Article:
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When I was studying the first sisters' communities in the United States, I became aware of the importance of economics in the success or failure of those sisterhoods. Sisters who came from Europe found a culture and economic situation very different from those in Europe. For centuries, convents and monasteries there were financed by wealthy, often noble, patrons, and by the sisters' dowries. In the U.S. there were few wealthy Catholics; most were immigrants on the bottom rungs of society. Few could afford dowries. Congregations that were going to survive had to adjust to the economic conditions in the new nation.
I was shocked to discover that seven of the eight communities founded before 1830 that have survived, did so at least in part because they had slaves, acquired through dowry, gift, inheritance or purchase. They took care of the heavy manual labor and household chores, thus freeing the sisters to concentrate on prayer, teaching and other ministries. One of the pioneer French Ursulines who came to New Orleans in 1727 wrote to her father, "Be not scandalized at it, for it is the fashion of the country, we are taking a Negro to wait on us."
Sisters in the U.S. reached out in many other directions as well in their efforts to support themselves and their works. Because many sisters' communities around the world struggle to find the means of daily sustenance, I thought it might be useful to discuss ways in which sisters living in poverty have managed to keep themselves and their works alive. Perhaps some readers will find ideas which could help their own communities to thrive.
In the early decades of the 19th century most communities had gardens or farms in which they grew food for themselves and their boarding students. (This practice has continued until the present in some communities throughout the world.) Wool from sheep was woven into fabric, fruits made into jams and jellies. Any surplus might be sold for cash. As sisters' ministries developed, they charged fees for their services, with special arrangements for those who could not pay.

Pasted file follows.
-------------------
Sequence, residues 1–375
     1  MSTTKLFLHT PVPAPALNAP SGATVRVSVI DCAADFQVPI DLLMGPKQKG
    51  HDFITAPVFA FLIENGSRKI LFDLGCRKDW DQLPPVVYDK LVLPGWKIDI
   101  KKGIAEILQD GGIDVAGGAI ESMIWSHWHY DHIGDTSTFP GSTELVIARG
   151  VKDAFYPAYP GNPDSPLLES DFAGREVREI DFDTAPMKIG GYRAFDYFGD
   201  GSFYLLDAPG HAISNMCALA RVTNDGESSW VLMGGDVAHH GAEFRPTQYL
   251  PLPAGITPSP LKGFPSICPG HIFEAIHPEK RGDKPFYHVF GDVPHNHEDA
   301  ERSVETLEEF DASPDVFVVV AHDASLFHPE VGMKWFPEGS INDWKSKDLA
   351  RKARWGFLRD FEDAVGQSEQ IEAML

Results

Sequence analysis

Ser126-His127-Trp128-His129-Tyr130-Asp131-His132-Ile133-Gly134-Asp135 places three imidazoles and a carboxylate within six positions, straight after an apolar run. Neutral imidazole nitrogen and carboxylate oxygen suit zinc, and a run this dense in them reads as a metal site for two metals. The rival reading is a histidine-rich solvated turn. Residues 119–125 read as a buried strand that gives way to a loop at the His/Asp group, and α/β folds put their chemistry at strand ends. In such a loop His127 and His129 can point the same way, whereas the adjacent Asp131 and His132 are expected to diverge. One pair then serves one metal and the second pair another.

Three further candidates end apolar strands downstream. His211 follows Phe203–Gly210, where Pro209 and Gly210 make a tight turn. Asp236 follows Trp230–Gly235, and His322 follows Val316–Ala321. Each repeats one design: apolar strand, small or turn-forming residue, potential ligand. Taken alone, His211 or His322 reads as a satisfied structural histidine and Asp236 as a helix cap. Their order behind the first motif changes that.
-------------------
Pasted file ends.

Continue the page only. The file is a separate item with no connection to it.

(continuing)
As sisters tried to meet the overwhelming need for Catholic education, a two-tiered system developed in which "pay schools" charged substantial fees, enough to support not only that school, but also a "free school" for those who could not afford the fees. Providing special lessons like music and art increased the income. Students could often pay some of their fees through work assignments. Special fund-raising events like bazaars, raffles, bake sales and bingo have always been a way of supplementing income.
The Sisters of Mercy had constitutions which stipulated that they should provide their services gratis. They presented the impossibility of doing this in the U.S. to Vatican authorities, who then said, in effect, "Do whatever you need to do in order to succeed." The sisters then opened dress shops, flower shops and other enterprises in order to support themselves and their works for people living in poverty.
Other communities also sought various kinds of work to have sufficient resources. They wrote textbooks, did book-binding, went on begging tours; they worked in stores or factories and even made shot bags for the military during the Mexican-American War. They were all following the basic principle that if you want to offer your services gratis to needy persons, you must find another source of income to support that mission.
This same principle has guided many congregations in less developed countries in recent decades. Some have sent sisters off to Western Europe or the U.S. in order to be trained and then take up works that offer remuneration far beyond that available in their home countries. Thus Congolese Franciscans sent a sister to be trained as a gynecologist in Belgium, where she now has a private practice. Some communities get a foothold in Rome, running the household for one of their prelates, a seminary or other educational institution or working in nursing homes. This may enable some of their sisters to study in Rome, some of whom may later replace Italian sisters in parishes and schools. The sisters live very frugally and thus are able to send substantial amounts of money back to their motherhouses to support their sisters.